OAJ has investigated the situation of the new reform in education institutions with a questionnaire for teachers. Due to the extensive cuts by the previous government, the current resources are insufficient and there are too few teachers. Workplaces lack information about the reform and cooperation possibilities with educational institutions.
The current resources are insufficient and there are too few teachers.
The new government has promised to allocate an annual EUR 80 million for the hiring of new teachers. The money is currently being distributed and only the future will tell whether the field of education recovers from the financial cuts.
Higher education institutions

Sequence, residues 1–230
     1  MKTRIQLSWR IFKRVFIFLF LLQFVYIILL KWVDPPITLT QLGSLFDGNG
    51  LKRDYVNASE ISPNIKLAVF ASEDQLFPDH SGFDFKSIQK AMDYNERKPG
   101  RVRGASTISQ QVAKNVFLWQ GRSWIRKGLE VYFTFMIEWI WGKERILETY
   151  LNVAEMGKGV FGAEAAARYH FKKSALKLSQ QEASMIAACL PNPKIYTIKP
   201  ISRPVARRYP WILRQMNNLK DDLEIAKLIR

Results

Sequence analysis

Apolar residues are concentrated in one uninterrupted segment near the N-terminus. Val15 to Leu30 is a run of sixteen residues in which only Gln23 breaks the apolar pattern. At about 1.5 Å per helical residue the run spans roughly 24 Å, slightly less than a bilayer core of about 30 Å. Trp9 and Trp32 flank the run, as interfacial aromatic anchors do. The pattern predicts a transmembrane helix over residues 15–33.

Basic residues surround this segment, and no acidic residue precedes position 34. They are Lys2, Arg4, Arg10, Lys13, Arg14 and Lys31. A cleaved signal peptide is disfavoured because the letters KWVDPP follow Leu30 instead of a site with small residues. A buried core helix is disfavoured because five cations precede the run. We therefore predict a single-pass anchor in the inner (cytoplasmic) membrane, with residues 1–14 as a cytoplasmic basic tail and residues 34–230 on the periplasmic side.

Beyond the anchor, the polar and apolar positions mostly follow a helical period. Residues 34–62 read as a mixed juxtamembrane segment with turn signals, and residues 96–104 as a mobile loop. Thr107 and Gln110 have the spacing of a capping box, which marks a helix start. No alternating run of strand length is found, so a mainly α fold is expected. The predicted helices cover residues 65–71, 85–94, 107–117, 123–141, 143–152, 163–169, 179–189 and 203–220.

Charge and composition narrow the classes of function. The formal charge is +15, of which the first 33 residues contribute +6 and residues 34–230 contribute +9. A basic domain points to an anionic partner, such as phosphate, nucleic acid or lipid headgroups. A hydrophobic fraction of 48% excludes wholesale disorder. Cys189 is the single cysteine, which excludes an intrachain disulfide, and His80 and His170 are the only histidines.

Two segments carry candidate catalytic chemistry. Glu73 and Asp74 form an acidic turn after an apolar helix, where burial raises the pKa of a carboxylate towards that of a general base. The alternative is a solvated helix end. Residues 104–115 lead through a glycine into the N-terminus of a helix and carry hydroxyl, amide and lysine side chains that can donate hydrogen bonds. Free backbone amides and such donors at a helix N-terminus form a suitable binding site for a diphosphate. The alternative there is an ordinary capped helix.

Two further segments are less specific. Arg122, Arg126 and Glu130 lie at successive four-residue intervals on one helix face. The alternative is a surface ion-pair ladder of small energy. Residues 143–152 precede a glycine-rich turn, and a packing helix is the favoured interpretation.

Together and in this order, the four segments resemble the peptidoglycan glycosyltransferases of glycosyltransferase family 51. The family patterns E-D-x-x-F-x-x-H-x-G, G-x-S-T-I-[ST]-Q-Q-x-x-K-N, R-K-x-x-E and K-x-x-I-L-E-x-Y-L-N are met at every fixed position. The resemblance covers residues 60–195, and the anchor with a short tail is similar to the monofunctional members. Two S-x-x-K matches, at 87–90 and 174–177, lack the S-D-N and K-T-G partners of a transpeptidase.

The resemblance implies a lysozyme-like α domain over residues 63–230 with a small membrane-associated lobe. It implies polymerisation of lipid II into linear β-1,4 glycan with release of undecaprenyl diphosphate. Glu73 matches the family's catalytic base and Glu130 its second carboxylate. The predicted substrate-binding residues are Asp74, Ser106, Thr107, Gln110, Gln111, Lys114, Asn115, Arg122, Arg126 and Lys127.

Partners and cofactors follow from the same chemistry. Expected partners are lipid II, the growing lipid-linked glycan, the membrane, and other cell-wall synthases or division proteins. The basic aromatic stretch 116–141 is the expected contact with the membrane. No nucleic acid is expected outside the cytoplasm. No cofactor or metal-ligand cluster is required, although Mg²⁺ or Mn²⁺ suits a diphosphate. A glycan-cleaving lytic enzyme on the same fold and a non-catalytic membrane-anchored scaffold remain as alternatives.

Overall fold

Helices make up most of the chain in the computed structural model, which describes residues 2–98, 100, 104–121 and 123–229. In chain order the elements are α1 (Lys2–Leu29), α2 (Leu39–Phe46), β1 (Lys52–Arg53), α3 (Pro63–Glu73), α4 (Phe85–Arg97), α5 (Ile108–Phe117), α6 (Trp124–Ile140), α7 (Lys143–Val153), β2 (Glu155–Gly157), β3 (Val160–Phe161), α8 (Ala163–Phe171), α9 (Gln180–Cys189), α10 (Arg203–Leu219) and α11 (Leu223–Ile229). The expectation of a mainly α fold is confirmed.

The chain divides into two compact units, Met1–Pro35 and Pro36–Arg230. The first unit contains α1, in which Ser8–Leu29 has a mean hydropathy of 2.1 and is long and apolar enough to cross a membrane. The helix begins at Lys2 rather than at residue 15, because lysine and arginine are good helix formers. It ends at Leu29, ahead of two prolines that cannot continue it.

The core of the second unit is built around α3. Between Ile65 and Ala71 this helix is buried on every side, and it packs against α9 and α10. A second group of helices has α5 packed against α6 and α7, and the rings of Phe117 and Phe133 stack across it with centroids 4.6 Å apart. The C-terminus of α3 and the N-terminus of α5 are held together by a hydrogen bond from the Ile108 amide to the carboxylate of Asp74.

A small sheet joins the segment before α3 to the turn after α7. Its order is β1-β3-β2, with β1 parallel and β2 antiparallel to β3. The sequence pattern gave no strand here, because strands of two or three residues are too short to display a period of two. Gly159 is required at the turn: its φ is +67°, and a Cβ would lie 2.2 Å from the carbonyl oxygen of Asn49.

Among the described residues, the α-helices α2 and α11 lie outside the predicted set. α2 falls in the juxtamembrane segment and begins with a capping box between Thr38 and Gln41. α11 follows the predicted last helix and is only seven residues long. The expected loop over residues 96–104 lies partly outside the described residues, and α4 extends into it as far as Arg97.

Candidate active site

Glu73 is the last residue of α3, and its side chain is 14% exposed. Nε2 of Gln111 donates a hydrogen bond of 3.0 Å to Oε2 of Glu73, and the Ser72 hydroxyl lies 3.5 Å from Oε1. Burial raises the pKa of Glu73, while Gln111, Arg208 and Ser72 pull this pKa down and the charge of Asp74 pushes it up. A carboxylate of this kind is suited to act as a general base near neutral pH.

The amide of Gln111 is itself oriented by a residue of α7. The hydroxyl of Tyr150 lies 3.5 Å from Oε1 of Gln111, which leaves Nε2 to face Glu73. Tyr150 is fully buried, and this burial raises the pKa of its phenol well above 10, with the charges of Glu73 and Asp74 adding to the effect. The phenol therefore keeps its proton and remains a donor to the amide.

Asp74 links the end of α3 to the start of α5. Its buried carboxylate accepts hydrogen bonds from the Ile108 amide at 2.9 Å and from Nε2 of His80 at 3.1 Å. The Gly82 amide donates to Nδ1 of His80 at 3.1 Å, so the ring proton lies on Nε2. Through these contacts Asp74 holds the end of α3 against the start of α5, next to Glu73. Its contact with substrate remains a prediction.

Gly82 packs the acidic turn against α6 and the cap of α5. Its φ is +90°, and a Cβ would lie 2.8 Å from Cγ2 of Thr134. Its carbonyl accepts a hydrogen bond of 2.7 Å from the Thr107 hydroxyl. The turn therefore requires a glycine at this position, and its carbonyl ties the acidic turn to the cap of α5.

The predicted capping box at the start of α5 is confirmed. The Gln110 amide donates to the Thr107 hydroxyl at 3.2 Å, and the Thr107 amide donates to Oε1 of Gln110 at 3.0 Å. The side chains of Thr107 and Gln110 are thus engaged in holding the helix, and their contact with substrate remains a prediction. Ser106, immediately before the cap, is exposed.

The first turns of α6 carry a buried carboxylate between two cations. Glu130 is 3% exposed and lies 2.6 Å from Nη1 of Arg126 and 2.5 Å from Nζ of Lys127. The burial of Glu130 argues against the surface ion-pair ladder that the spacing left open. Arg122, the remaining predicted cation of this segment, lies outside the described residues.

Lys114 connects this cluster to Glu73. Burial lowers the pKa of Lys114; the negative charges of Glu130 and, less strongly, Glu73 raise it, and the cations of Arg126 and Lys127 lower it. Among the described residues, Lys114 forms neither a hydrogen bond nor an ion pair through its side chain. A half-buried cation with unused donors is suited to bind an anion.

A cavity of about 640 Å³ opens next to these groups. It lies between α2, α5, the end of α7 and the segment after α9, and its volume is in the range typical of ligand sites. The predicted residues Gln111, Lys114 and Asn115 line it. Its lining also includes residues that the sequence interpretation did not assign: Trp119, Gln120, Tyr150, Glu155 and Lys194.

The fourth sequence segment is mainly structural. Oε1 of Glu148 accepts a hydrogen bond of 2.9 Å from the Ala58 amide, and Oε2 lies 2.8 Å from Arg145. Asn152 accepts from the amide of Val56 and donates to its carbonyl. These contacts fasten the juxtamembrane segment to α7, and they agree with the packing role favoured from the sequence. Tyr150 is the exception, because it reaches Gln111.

The Vision for Higher Education and Research in 2030 was drawn up in cooperation with stakeholder groups in Finland, which the new government has also committed to. The vision includes a commitment to increasing the share of higher education graduates to 50 per cent of young adults between the ages 25 of 34 by 2030. In order to achieve this, the number of available starting places must increase and the rate of persons completing their education must improve.
The number of available starting places must increase and the rate of persons completing their education must improve.
Higher education institutions are happy to increase the number of students but are also concerned as no extra funding for increasing the available starting places has been promised. Higher education institutions received a small increase to the core funding in the government programme negotiations. That increase, however, will be rendered useless should the number of available starting places not receive separate funding.